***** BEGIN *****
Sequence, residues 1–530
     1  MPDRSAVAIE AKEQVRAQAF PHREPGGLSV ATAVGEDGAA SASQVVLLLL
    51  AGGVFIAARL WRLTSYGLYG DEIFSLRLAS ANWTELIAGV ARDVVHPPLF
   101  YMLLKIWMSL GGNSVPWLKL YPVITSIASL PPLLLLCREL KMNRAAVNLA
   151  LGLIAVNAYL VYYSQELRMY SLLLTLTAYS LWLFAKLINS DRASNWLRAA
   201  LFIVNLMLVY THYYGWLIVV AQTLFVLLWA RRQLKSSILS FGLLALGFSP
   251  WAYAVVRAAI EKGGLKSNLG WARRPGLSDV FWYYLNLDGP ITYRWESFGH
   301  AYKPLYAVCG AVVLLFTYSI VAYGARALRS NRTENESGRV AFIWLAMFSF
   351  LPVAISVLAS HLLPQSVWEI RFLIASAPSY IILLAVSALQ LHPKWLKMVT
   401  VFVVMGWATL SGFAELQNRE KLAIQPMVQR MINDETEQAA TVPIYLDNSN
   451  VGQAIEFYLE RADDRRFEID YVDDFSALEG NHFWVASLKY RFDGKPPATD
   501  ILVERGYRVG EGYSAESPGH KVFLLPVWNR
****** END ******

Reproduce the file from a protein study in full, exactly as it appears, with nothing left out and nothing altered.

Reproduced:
Sequence, residues 1–530
     1  MPDRSAVAIE AKEQVRAQAF PHREPGGLSV ATAVGEDGAA SASQVVLLLL
    51  AGGVFIAARL WRLTSYGLYG DEIFSLRLAS ANWTELIAGV ARDVVHPPLF
   101  YMLLKIWMSL GGNSVPWLKL YPVITSIASL PPLLLLCREL KMNRAAVNLA
   151  LGLIAVNAYL VYYSQELRMY SLLLTLTAYS LWLFAKLINS DRASNWLRAA
   201  LFIVNLMLVY THYYGWLIVV AQTLFVLLWA RRQLKSSILS FGLLALGFSP
   251  WAYAVVRAAI EKGGLKSNLG WARRPGLSDV FWYYLNLDGP ITYRWESFGH
   301  AYKPLYAVCG AVVLLFTYSI VAYGARALRS NRTENESGRV AFIWLAMFSF
   351  LPVAISVLAS HLLPQSVWEI RFLIASAPSY IILLAVSALQ LHPKWLKMVT
   401  VFVVMGWATL SGFAELQNRE KLAIQPMVQR MINDETEQAA TVPIYLDNSN
   451  VGQAIEFYLE RADDRRFEID YVDDFSALEG NHFWVASLKY RFDGKPPATD
   501  ILVERGYRVG EGYSAESPGH KVFLLPVWNR